accused;
 That the circumstances should be conclusive in nature and tendency;
 That the circumstances ought to, to an ethical certainty, truly exclude each hypothesis
except the one projected to be evidenced.

2
State of UP vs. Ravindra Prakash Mittal, AIR 1992 SC 2045
10 | P a g e Memorial On Behalf Of Appellants

 The evidence should prove the guilt of the culprit beyond a reasonable doubt.

These elements are the backbone of a conviction based on the circumstantial evidenc and
if any of the ingredient is not fulfilled the person is liable to get bail. In my further
discussion on this point I have submitted arguments against the prosecution that they have
not been able to prove the guilt of the appellants beyond the reasonable doubt, hence, the
bail application should be accepted.

3. WHETHER THE EVIDENCE ADDUCED BY THE PROSECUTION IS


ADDIMISSIBLE UNDER THE EVIDENCE ACT 1872?
It is humbly submitted that with regard to this question my answer is in affirmative but
the prosecution has fabricated all the facts to support their story and practiced gross
negligence while investigating the case.
11 | P a g e Memorial On Behalf Of Appellants

ARGUMENTS ADVANCED

1) WHETHER THERE IS SUFFICIENT EVIDENCE ON RECORD TO CONVICT THE


ACCUSED FOR DOUBLE MURDER?

It is humbly stated that the appellants should not suffer from the act of defective investigation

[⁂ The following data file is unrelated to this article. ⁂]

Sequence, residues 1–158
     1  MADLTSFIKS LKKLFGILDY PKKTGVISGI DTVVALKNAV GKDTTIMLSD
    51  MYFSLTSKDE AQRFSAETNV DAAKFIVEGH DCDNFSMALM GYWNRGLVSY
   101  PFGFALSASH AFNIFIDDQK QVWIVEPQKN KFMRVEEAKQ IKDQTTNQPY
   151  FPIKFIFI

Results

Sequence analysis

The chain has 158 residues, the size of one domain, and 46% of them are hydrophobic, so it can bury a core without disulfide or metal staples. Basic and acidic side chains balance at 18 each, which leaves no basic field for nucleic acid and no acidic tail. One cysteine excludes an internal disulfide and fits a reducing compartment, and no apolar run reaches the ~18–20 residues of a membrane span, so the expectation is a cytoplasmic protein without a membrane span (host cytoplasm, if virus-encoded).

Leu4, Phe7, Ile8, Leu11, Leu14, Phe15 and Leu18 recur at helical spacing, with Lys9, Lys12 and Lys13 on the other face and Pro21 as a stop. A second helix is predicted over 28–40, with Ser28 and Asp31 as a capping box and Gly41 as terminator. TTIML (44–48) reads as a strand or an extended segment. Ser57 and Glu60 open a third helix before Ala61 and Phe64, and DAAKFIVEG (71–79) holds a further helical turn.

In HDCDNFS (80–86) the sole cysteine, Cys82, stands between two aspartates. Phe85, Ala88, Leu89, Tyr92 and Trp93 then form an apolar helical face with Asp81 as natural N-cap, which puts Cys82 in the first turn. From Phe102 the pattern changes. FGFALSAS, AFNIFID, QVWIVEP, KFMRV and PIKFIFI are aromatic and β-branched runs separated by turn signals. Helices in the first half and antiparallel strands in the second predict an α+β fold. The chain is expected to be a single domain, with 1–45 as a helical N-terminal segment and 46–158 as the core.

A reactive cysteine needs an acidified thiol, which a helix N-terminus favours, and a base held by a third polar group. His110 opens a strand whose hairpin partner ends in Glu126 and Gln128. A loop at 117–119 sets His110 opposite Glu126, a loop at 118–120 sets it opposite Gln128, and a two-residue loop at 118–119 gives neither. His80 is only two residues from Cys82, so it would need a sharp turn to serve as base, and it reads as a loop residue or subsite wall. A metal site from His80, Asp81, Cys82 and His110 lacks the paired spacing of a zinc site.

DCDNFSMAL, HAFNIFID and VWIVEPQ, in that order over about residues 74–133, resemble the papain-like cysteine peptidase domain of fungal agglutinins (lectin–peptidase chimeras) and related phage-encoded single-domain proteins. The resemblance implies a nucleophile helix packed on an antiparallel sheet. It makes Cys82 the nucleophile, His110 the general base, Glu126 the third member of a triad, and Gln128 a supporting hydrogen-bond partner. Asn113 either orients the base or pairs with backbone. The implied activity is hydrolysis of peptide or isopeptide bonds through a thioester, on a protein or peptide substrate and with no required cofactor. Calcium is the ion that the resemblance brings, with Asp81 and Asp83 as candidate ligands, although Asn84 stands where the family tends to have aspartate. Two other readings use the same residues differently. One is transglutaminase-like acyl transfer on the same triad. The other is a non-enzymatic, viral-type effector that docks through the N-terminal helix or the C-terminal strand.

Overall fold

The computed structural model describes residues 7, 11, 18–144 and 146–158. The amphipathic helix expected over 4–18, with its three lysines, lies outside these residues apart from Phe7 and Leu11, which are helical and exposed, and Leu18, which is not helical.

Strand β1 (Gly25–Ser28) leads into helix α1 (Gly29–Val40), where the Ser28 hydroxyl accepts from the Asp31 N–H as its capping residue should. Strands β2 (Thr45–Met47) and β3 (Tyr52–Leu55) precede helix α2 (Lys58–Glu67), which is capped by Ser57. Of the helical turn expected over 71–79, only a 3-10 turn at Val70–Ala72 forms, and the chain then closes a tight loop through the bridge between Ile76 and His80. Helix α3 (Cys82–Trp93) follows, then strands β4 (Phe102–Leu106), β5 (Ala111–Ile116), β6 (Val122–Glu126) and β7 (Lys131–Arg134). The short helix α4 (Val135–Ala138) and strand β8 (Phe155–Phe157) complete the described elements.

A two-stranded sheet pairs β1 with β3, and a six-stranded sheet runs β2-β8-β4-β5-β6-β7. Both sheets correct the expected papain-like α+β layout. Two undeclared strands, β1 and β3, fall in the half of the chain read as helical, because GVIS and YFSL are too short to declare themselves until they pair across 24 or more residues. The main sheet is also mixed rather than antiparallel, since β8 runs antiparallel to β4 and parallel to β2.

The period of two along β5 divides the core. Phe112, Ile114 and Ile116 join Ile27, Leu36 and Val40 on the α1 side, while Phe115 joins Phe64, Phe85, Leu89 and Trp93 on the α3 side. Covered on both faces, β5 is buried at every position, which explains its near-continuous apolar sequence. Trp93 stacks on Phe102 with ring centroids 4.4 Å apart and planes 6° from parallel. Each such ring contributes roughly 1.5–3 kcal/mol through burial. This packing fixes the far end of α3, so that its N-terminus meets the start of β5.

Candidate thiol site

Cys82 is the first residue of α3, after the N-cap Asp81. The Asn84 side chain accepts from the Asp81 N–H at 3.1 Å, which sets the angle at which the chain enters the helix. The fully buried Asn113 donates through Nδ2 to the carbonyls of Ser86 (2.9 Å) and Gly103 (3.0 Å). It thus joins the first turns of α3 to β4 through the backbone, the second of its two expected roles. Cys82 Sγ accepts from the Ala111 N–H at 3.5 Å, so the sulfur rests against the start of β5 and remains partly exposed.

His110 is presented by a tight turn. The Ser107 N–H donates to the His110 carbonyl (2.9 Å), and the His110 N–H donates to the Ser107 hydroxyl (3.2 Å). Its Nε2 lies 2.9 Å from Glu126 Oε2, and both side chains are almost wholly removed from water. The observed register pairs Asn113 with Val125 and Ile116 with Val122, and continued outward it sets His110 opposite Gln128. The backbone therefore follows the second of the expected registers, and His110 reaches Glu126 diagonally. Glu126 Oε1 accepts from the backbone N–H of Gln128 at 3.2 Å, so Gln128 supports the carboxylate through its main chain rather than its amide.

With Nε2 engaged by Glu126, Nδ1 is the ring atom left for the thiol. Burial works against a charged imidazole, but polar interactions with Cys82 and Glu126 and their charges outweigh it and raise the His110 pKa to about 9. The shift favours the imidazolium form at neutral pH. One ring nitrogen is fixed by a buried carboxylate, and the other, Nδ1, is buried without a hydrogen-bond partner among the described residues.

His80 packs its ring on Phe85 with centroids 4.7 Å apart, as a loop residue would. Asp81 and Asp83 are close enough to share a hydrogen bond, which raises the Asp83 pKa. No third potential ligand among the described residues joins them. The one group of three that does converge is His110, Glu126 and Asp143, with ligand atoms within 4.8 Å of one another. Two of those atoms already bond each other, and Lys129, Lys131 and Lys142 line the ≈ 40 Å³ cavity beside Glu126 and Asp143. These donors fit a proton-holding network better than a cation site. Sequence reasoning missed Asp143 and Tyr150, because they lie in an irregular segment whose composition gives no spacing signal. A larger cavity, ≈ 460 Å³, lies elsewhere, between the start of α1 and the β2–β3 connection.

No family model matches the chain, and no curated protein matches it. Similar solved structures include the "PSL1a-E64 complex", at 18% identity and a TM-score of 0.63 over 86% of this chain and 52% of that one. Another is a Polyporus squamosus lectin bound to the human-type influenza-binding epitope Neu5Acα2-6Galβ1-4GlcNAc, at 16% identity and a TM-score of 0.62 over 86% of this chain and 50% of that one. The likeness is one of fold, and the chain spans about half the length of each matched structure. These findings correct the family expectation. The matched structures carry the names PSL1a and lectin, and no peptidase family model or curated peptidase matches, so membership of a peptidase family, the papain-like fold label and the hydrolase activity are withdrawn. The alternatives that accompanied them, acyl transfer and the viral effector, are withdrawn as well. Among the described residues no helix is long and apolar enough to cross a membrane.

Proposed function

on the part of the prosecution as it is against their fundamental rights guaranteed by the
Constitution of India.

 FUNDAMENTAL RIGHT: It is settled law that not only fair trial, but fair
investigation is also part of constitutional rights guaranteed under Articles 20 and 21
of the Constitution of India. Accordingly, investigation must be fair, transparent and
judicious and it is the immediate requirement of rule of law3.
 DEFECTIVE INVESTIGATION: the appellants are suffering the results of the
carelessness of investigating officer which is totally against the law. The Investigating
Officer cannot be permitted to conduct an investigation in a tainted and biased
manner. It was further observed that where non-interference of the Court would
ultimately result in failure of justice, the Court must interfere4.

The police officials acted negligently during the investigation and collecting evidences
as they did not called any forensic experts team at the spot. Moreover they did not took
the sample of blood from the lock of the door of the roof, the fingerprints or other clues

3
HEMA v. STATE, THR. INSPECTOR OF POLICE, MADRAS, 2013 3 S.C.R. 1.
4
Babubhai vs. State of Gujarat and Others, 2010 (12) SCC 254.
12 | P a g e Memorial On Behalf Of Appellants

which might have been present on the cooler panel placed over the body of Debraj and
the dragging marks visible near the body, blood stains or finger prints present on the
bottle of Scotch-Whisky.

The term `investigation' has been defined in Section 2(h) of the Code to include all the
proceedings under the Code for collection of evidence conducted by a police officer or
by any person (other than a Magistrate) who is authorized by a Magistrate in this behalf.
In the case of R.P. Kapur Vs. State of Punjab5, it was held by the apex court that the
Investigating Officer "is not to bolster up a prosecution case with such evidence as may
enable the court to record conviction but to bring out the real unvarnished truth.” The
entire emphasis on a fair investigation has to be to bring out the truth of the case before